Workaholics, the Comedy Central series about three dim-witted, obnoxious, prank-playing telemarketers set in Rancho Cucamonga, is in its seventh and final season. But creator and actor Adam DeVine won't be gone for good. DeVine still hosts his other Comedy Central show, the sitcom-stand-up hybrid Adam DeVine's House Party, which has featured performances by Pete Davidson, Ron Funches, Kurt Braunohler and Kristen Schaal. He and Workaholics' Anders Holm and Blake Anderson will star in an upcoming comedy-action movie on Netflix co-produced by Seth Rogen. And in the last few years his film career has taken off, thanks to big roles in Pitch Perfect, Pitch Perfect 2 and Mike and Dave Need Wedding Dates. DeVine returns to his stand-up roots in his new Weird Life tour, with opener Adam Ray. The Wiltern, 3790 Wilshire Blvd., Koreatown; Sat., March 4, 7 p.m.; $29.50-$95. (213) 388-1400, wiltern.com. —Siran Babayan
Now that we live in the future, all anyone wants to do is relive the past. And now that Saturday Morning Cartoons no longer exist as they once did, the fine folks at Cinefamily have taken it upon themselves to present a monthly showcase devoted to the halcyon days of animated TV shows. This month's theme is Monsters, perhaps of the Aaahh!!! Real variety, so bring the kiddos — anyone under 14 gets in for free. Cinefamily/Silent Movie Theatre, 611 N. Fairfax Ave., Fairfax; Sat., March 4, 11 a.m.; $10. (323) 655-2510, cinefamily.org. —Michael Nordine
Shirley MacLaine recently received a lifetime achievement award from the Los Angeles Film Critics Association, and now the Aero is honoring the luminary actress with a double bill of The Apartment and Being There, the latter on 35mm. MacLaine stars opposite Jack Lemmon in Billy Wilder's classic and Peter Sellers in Hal Ashby's, the two lighthearted films separated by nearly 20 years. Both serve as showcases for the Oscar winner's one-of-a-kind talents, as do more recent outings such as Richard Linklater's Bernie. Aero Theatre, 1328 Montana Ave., Santa Monica; Sat., March 4, 7:30 p.m.; $11. (323) 466-3456, americancinemathequecalendar.com. —Michael Nordine
If Jim Henson's beloved Muppets were proof of anything — besides Henson's genius — it's that puppetry isn't just for kids. In that spirit, the Los Angeles Guild of Puppetry is hosting Puppetzilla Puppet Slam, an evening of music, comedy and a variety of human-operated, felt surrogates. Performers include puppeteer Pam Severns, ventriloquist Karl Herlinger, silent comedian Ithamar Enriquez, and singer-comedian Kara Morgan, who's premiering an episode of her new stop-motion web series The Kara Morgan Show. BYOB. Trepany House at Steve Allen Theatre, 4773 Hollywood Blvd., Los Feliz; Sun., March 5, 7:30 p.m.; $15, $10 in advance. comedycake.com/archives/42019. —Gwynedd Stuart
For almost 30 years, Lambda Literary Foundation has been a LGBTQ-centric literary organization, and among its programs and events is the prestigious annual Lambda Literary Awards, which has honored such gay and lesbian writers and artists as John Waters, Tony Kushner, David Sedaris and Armistead Maupin. The first Lambda Litfest Los Angeles (March 6-12) presents a week of readings, discussions, workshops, comedy and other performances across various venues in the city and features well-known performers Luis Alfaro, Zackary Drucker, Noel Alumit, Julie Goldman, Alec Mapa, Beth Lapides and others. The fest kicks off on Monday with Yes Femmes, writing and performance that explores the femme experience, at Pieter Performance Space in Lincoln Heights and Queer Bird Lit, a celebration of contemporary queer authors, at Stories in Echo Park. The week culminates with a full-day fest at Barnsdall Park on Saturday and a closing party at Akbar on Sunday. Various locations; Mon.-Sun., March 6-12; free. lambdalitfest.org. —Siran Babayan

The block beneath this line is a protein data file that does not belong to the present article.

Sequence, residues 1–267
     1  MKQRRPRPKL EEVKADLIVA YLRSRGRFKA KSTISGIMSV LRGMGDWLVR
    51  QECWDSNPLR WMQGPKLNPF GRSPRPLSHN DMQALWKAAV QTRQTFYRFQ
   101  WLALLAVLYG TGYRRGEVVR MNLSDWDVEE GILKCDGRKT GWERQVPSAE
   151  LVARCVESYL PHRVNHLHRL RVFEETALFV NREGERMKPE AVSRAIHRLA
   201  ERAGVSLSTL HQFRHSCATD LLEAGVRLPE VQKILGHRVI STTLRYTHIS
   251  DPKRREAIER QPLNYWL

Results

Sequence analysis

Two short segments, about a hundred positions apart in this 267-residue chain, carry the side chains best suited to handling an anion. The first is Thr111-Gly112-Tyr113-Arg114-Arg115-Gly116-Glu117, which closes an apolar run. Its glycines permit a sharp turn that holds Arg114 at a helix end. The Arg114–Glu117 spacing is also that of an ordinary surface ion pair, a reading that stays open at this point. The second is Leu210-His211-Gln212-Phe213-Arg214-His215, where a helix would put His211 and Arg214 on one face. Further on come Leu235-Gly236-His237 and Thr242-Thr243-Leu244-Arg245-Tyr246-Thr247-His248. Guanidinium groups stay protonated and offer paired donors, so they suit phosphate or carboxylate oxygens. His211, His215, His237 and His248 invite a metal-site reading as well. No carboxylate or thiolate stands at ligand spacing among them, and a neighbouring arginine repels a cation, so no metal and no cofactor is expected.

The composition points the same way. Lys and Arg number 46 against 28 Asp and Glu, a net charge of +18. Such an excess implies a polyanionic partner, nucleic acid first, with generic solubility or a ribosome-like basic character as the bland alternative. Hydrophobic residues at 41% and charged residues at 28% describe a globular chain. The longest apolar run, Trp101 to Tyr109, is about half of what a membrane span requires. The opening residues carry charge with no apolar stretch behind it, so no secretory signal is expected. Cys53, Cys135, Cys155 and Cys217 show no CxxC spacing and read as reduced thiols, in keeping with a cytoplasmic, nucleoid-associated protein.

Scuba diving is a breathtaking experience, bringing you face to face with a wondrous world of flora and fauna that only exists beneath the surface of the waves. Until now that is. Created by Wevr studios, theBlu: An Underwater VR Experience uses virtual reality headsets to transport visitors to environments that previously required quite a bit of gear and training to visit. The six-minute, immersive expedition features different marine ecosystems, where you'll see sunken ships, coral reefs, manta rays, even a blue whale, and includes a stop at the ocean floor — a destination that even the most experienced divers rarely get to see. Although the trip is perfect for the kid in all of us, it is limited to guests 10 years old and older. Natural History Museum, 900 Exposition Blvd., Exposition Park; opens Mon., March 6, 9:30 a.m.-5 p.m.; $10, plus general admission. (213) 763-3466, nhm.org/site/explore-exhibits/special-exhibits/vr. —Matt Stromberg
He's an Oscar-nominated, Emmy-winning actor, Donald Trump impersonator and Saturday Night Live's most frequent host — a whopping 17 times. But what you might not know about Alec Baldwin is he's also a podcaster. Since 2011, Baldwin has hosted his New York–based podcast, Here's the Thing, where he's interviewed such big-name actor and artist types as David Letterman, Michael Douglas, Dustin Hoffman, Paul Simon, Billy Joel, Sarah Jessica Parker, Chris Rock, Kathleen Turner, Debbie Reynolds, Carol Burnett, Julie Andrews and Michael Eisner, as well as politicians, political pundits and business leaders, including Anthony Weiner, Dan Rather, Brian Williams, George Stephanopoulos and Starbucks CEO Howard Schultz. For his first live podcast taping in L.A., Baldwin sits down with husband-and-wife comedy couple Nick Offerman and Megan Mullally, whose stage show, Summer of 69: No Apostrophe, will air on Epix later this year. The Theatre at Ace Hotel, 929 S. Broadway, downtown; Mon., March 6, 8 p.m.; $30-$55. theatre.acehotel.com/events/alec-baldwins-heres-thing-podcast. —Siran Babayan